The effects of velocity on peak torque and neuromuscular responses during eccentric muscle actions

Ethan C. Hill, Terry J. Housh, Clayton L. Camic, Nathaniel D.M. Jenkins, Cory M. Smith, Kristen C. Cochrane, Joel T. Cramer, Richard J. Schmidt, Molly M. Monaghan, Glen O. Johnson

Research output: Contribution to journalArticle

1 Scopus citations

Abstract

BACKGROUND: Previous investigations have examined the torque and neuromuscular responses to maximal concentric and isometric muscle actions. The literature, however, has paid less attention to the effects of performing maximal eccentric muscle actions. Furthermore, the available information in this regard is contradictory. OBJECTIVE: The purpose of the present investigation was to examine eccentric, isokinetic peak moment (PMe), electromyographic (EMG) amplitude (AMP), EMG mean power frequency (MPF), mechanomyographic (MMG) AMP, and MMG MPF patterns of responses to repeated, maximal, eccentric muscle actions at 60, 120, and 180°/s. METHODS: Twelve resistance-trained men visited the laboratory on three occasions (separated by ≥ 72 h) and performed 30 repeated, maximal, eccentric muscle actions of the dominant leg extensors on an isokinetic dynamometer at randomly ordered velocities of 60, 120, and 180°/s. RESULTS: There were no changes (p > 0.05) across the 30 repeated, eccentric muscle actions for PMe, MMG AMP, and EMG MPF for any of the velocities. There were, however, increases in EMG AMP and decreases in MMG MPF for each velocity. CONCLUSIONS: The decrease in MMG MPF, which reflects the global firing rate of the activated motor units, in conjunction with the lack of change in MMG AMP, which reflects motor unit recruitment, suggested that the increase in EMG AMP was due to motor unit synchronization.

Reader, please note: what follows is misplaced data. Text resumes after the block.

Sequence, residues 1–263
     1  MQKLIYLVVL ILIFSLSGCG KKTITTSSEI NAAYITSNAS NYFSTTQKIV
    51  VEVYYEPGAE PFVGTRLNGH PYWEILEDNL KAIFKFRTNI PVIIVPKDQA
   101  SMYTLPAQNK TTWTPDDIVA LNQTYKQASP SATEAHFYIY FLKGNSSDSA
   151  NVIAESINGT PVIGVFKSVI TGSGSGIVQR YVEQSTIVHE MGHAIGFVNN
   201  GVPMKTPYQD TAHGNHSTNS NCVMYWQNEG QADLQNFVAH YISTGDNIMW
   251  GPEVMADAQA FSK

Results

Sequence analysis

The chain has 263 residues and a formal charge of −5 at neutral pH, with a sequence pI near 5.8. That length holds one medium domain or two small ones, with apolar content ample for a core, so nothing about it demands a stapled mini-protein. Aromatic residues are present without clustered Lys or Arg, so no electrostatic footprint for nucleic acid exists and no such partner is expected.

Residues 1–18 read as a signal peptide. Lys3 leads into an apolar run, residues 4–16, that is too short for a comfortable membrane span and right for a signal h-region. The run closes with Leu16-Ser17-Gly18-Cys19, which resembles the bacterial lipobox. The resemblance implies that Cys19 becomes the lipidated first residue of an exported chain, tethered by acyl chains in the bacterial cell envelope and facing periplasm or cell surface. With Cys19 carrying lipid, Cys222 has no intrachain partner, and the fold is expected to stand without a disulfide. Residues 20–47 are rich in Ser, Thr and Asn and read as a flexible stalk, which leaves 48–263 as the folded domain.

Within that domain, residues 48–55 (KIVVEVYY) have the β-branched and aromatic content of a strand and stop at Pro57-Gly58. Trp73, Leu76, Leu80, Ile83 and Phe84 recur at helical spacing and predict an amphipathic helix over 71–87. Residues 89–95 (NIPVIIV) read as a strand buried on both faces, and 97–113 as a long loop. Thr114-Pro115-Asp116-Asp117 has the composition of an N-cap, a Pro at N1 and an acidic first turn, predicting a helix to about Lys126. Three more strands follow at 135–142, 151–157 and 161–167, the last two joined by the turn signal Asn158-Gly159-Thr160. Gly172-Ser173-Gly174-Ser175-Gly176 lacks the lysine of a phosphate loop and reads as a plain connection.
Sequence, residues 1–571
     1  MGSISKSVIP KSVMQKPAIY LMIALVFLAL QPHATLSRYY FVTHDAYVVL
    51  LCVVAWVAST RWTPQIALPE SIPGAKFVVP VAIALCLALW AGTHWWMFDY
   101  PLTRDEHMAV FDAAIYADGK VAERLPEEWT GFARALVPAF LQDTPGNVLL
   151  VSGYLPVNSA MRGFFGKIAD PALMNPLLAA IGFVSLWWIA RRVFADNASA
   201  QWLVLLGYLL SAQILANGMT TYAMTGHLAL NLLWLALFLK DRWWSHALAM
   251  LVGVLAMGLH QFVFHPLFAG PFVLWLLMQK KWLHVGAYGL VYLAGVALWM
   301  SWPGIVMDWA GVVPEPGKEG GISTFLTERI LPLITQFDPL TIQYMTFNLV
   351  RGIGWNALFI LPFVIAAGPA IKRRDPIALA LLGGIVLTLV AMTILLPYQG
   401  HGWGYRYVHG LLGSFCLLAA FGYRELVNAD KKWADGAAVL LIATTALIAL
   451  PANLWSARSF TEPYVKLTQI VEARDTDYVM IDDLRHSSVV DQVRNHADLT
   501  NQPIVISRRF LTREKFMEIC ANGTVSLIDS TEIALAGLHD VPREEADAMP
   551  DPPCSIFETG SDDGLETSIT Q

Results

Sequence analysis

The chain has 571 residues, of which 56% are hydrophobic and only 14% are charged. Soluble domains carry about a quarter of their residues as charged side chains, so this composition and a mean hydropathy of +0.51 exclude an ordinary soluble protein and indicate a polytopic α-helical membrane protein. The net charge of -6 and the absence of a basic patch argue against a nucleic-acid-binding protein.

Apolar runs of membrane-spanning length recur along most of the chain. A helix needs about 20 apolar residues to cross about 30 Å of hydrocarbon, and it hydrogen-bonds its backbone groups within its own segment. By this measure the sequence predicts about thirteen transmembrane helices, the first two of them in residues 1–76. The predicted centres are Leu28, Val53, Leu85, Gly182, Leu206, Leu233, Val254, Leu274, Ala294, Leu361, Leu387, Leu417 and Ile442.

Original languageEnglish (US)
Pages (from-to)1-6
Number of pages6
JournalIsokinetics and Exercise Science
Volume24
Issue number1
DOIs
StatePublished - Feb 27 2016

Keywords

  • Electromyography
  • Isokinetic
  • Mechanomyography
  • Motor control
  • Muscle fatigue
  • Muscle lengthening

ASJC Scopus subject areas

  • Biophysics
  • Orthopedics and Sports Medicine
  • Physical Therapy, Sports Therapy and Rehabilitation

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